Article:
GitLab issues security fix for hardcoded password flaw in OmniAuth

The cloud-hosted software version control service released versions 14.9.2, 14.8.5, and 14.7.7 of its self-hosted CE and EE software, fixing one “critical” security vulnerability (CVE-2022-1162), as well as two rated “high,” nine rated “medium,” and four rated “low.”

“A hard-coded password was set for accounts registered using an OmniAuth provider (e.g. OAuth, LDAP, SAML) in GitLab CE/EE versions 14.7 prior to 14.7.7, 14.8 prior to 14.8.5, and 14.9 prior to 14.9.2 allowing attackers to potentially take over accounts,” the company said in its advisory.

It appears from the changed files the password.rb module generated a fake strong password for testing by concatenating “123qweQWE!@#” with a number of “0”s equal to the difference of User.password_length.max, which is user-set, and DEFAULT_LENGTH, which hard-coded with the value 12.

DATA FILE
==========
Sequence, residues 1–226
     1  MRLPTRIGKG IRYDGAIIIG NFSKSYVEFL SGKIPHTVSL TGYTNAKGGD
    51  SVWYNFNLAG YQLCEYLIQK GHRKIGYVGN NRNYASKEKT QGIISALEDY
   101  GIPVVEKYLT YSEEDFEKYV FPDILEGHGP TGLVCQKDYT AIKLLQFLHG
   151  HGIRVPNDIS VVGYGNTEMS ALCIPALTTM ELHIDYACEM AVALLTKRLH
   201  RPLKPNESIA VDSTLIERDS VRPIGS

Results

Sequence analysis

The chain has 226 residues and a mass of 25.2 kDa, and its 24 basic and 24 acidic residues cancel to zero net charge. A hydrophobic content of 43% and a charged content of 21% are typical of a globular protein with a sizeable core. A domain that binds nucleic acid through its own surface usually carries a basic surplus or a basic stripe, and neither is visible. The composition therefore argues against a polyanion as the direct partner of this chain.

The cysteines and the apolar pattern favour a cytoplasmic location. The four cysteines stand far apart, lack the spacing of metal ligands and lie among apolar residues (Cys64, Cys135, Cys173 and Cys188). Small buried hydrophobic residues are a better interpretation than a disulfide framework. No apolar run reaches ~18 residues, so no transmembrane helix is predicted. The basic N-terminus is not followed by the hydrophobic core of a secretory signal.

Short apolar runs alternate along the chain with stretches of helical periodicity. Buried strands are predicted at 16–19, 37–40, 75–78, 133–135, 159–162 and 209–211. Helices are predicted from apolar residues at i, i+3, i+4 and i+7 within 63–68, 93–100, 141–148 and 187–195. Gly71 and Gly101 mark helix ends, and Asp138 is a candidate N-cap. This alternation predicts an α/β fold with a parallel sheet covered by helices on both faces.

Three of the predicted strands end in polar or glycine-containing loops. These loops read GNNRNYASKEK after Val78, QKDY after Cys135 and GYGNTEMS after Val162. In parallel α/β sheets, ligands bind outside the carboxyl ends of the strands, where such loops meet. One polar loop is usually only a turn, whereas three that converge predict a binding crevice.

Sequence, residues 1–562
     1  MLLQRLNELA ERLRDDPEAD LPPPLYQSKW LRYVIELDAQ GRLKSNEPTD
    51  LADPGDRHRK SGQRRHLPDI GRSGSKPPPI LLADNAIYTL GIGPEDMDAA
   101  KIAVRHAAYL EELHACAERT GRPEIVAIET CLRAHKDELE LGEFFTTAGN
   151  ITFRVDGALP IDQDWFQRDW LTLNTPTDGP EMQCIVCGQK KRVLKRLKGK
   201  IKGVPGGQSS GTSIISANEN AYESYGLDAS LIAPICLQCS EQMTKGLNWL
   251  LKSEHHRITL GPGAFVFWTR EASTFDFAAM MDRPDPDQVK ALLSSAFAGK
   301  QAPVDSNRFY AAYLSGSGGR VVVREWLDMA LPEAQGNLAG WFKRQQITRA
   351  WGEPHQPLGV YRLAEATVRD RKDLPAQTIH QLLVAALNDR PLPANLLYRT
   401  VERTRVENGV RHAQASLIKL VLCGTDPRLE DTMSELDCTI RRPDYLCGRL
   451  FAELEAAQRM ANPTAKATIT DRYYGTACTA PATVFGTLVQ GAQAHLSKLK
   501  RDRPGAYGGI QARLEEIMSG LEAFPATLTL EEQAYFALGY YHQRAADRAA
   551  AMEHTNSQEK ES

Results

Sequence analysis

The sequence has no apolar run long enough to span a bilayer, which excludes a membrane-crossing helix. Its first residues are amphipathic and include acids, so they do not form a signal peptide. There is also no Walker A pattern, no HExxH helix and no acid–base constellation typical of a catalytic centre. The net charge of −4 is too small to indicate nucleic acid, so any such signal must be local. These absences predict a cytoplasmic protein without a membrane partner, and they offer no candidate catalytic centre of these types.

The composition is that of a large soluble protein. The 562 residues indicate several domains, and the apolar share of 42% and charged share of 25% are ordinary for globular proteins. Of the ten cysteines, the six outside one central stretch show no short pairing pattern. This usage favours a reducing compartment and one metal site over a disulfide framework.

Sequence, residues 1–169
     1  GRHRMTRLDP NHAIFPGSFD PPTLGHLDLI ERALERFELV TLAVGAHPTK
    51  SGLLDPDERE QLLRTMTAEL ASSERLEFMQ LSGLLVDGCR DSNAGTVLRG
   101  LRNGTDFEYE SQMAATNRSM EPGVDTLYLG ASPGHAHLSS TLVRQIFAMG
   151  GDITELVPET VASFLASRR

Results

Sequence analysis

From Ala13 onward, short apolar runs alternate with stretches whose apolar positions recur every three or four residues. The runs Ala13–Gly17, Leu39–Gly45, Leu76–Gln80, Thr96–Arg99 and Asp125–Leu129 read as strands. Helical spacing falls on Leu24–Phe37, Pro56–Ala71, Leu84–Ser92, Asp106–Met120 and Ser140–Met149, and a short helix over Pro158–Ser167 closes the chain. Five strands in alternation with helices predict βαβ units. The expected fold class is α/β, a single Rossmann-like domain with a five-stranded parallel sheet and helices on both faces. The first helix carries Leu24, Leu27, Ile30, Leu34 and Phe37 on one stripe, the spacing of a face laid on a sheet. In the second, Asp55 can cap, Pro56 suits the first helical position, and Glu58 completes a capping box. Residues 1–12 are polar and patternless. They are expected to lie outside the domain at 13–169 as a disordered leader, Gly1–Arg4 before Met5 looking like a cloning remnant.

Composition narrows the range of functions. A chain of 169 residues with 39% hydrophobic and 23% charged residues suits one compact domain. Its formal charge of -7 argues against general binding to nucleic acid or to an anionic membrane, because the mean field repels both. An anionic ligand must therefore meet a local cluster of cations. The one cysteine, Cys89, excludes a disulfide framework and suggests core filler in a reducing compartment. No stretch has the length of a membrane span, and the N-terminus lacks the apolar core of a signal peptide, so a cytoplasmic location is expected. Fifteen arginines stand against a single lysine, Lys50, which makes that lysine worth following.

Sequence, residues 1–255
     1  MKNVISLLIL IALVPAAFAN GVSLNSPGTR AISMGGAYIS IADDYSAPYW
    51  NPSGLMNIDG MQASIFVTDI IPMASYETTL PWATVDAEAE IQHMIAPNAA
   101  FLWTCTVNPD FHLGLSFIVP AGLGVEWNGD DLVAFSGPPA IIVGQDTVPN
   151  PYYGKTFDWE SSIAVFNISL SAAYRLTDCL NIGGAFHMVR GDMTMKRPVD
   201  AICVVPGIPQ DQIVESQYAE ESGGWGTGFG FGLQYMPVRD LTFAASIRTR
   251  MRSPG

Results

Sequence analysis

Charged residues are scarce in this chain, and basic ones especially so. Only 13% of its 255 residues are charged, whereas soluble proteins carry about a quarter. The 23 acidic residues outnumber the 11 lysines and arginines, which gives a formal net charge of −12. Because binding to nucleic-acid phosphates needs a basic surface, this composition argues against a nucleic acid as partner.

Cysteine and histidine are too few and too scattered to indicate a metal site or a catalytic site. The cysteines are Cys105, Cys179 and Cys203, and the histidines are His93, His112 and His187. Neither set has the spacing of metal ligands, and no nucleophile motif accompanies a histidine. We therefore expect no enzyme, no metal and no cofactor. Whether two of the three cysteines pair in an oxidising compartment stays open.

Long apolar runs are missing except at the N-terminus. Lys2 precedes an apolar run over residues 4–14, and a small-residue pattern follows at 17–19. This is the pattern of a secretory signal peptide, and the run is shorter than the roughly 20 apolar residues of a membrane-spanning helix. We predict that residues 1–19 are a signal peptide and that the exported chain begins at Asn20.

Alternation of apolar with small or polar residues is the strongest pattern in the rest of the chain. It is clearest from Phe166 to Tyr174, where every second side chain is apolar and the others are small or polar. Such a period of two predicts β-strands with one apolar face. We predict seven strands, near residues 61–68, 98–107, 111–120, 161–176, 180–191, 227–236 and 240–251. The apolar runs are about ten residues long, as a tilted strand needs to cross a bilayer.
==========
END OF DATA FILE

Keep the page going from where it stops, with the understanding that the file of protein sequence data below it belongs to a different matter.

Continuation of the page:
So if an organization configured its own instance of GitLab to accept passwords of no more than 21 characters, it looks like that an account takeover attack on that GitLab installation could use the default password of “123qweQWE!@#000000000” to access accounts created via OmniAuth.

The bug, with a 9.1 CVSS score, was found internally by GitLab and the fix has been applied to the company’s hosted service already, in conjunction with a limited password reset.

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Source: GitLab issues security fix for easy account takeover flaw • The Register

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